Although the risk of multiple sclerosis (MS) is often blamed on genetics, there are significant geographic variations in MS frequency, which suggests strong environmental factors may be at play.
One such factor is sunlight exposure and vitamin D. MS is rare in Asia, the tropics and the sub-tropics, and strong correlations exist between MS, location, and duration and intensity of sunlight.
In short, sunlight exposure has been linked to a reduced risk of MS, and vitamin D deficiency (caused by a lack of sun exposure) has been suggested as a cause of MS.
A review of epidemiological studies found a protective role of vitamin D for MS. Meanwhile, animal studies have found that an injection of vitamin D3 can prevent experimental autoimmune encephalomyelitis (EAE), which is an animal model of MS. Vitamin D deficiency accelerated the onset of EAE in animals.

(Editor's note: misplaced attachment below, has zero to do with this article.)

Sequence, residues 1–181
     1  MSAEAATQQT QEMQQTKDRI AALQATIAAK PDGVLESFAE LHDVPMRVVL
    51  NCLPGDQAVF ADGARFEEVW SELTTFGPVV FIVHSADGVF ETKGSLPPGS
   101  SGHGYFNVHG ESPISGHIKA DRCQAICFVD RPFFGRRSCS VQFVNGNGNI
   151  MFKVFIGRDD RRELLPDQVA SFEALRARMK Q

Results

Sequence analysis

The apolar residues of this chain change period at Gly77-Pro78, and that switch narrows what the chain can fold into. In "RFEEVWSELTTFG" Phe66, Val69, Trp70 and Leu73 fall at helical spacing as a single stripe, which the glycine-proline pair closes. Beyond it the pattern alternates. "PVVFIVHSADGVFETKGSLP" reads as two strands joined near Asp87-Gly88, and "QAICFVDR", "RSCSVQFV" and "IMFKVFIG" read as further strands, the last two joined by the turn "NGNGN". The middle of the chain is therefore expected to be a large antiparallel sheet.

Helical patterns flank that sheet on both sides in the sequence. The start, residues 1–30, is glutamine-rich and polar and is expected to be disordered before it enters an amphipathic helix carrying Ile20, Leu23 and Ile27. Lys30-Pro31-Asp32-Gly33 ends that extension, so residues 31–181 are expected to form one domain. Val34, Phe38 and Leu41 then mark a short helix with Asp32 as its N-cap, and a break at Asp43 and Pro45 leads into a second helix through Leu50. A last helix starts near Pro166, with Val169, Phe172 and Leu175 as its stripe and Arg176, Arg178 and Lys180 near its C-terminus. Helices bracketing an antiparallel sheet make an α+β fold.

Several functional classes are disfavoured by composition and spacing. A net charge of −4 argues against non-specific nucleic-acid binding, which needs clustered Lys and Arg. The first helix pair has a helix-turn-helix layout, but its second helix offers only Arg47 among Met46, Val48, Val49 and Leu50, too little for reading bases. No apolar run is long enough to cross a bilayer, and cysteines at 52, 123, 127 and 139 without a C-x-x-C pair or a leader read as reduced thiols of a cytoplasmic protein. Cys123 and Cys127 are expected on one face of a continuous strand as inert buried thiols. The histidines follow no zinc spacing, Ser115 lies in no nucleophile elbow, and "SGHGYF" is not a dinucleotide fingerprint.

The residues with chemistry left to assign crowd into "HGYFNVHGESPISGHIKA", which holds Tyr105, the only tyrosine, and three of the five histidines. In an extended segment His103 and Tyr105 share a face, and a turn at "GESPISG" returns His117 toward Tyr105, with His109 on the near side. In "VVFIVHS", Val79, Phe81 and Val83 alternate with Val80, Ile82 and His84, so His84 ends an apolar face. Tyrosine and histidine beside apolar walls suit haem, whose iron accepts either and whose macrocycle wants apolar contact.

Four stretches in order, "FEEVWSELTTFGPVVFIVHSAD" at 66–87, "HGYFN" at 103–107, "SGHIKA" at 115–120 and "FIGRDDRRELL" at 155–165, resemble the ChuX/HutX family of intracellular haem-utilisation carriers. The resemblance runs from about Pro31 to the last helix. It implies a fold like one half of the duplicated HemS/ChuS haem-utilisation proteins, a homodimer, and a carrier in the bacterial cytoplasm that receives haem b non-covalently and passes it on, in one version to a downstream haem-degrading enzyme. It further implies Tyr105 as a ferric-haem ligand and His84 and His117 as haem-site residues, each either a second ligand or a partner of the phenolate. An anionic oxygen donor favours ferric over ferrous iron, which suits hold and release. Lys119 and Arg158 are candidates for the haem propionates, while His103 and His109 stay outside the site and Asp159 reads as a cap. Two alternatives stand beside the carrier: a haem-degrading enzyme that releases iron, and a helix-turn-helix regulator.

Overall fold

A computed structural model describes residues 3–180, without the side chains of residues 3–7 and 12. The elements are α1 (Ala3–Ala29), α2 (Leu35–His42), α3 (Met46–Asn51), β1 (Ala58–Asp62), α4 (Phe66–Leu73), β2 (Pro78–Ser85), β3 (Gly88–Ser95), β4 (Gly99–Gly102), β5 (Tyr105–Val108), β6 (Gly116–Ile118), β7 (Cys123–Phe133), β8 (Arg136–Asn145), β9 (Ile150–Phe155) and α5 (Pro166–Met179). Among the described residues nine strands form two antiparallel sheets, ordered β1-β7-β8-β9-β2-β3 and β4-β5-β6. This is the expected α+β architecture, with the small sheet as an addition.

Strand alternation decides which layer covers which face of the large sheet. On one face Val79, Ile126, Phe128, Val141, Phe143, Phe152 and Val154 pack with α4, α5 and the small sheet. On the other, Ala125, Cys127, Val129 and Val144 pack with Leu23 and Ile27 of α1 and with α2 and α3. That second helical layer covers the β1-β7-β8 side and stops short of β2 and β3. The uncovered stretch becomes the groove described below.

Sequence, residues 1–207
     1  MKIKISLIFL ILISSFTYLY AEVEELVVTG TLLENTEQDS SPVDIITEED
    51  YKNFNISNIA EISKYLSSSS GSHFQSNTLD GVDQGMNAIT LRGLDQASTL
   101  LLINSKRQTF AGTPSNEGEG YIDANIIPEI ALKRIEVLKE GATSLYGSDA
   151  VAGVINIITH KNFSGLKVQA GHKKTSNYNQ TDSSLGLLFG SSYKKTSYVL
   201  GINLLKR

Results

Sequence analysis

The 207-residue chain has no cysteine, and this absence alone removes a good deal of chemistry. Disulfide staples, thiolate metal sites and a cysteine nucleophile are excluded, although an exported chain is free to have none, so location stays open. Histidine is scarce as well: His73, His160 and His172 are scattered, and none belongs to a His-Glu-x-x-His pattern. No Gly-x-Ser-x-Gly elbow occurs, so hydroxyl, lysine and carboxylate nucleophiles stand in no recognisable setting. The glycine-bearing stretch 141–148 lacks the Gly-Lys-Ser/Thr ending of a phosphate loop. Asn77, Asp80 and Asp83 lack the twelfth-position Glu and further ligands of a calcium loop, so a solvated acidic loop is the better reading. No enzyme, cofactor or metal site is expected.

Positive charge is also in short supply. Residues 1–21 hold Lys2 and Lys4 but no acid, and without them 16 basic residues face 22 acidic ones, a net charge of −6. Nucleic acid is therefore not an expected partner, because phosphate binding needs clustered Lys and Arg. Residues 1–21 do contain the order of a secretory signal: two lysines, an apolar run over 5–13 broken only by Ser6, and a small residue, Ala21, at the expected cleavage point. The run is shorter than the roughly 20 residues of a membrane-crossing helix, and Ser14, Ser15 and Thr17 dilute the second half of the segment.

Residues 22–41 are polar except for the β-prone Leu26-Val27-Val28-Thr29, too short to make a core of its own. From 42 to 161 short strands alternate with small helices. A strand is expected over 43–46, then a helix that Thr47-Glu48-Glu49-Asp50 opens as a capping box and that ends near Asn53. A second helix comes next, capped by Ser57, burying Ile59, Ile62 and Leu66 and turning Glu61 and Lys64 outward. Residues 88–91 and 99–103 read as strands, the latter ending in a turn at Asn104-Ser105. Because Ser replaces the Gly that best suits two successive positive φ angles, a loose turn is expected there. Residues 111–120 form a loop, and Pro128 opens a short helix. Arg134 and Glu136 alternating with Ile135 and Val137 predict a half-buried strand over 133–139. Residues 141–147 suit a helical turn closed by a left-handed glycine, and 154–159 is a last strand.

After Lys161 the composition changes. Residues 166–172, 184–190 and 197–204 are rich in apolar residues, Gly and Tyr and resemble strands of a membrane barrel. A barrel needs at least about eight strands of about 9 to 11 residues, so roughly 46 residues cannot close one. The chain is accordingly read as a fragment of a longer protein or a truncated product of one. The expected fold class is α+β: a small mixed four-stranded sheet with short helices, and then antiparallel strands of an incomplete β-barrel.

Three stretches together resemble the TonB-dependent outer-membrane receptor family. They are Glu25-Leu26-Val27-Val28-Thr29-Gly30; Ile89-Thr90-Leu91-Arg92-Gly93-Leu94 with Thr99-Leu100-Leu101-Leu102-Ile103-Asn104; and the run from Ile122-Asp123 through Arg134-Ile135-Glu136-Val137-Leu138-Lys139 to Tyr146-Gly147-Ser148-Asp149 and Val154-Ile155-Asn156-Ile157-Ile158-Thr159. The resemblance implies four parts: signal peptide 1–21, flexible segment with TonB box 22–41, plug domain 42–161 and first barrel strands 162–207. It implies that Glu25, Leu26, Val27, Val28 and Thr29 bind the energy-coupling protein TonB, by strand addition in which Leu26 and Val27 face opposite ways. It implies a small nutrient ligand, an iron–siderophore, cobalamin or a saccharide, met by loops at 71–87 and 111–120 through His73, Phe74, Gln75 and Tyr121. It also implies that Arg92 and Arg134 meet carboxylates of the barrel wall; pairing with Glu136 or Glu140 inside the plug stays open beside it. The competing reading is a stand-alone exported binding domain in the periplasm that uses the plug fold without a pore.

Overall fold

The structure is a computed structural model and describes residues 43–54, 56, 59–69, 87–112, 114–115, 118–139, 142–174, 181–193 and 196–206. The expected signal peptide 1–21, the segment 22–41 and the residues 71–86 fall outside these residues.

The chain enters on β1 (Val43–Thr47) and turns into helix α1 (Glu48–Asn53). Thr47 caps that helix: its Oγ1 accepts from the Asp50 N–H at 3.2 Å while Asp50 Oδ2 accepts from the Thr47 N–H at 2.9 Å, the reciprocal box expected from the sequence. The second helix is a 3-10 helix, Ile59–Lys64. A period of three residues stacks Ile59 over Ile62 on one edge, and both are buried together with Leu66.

The researchers concluded that vitamin D supplementation, at levels higher than are currently recommended by the Institute of Medicine, may help to reduce the risk of MS.
Other environmental factors that may also increase the risk of MS include infection with the Epstein-Barr virus and cigarette smoking.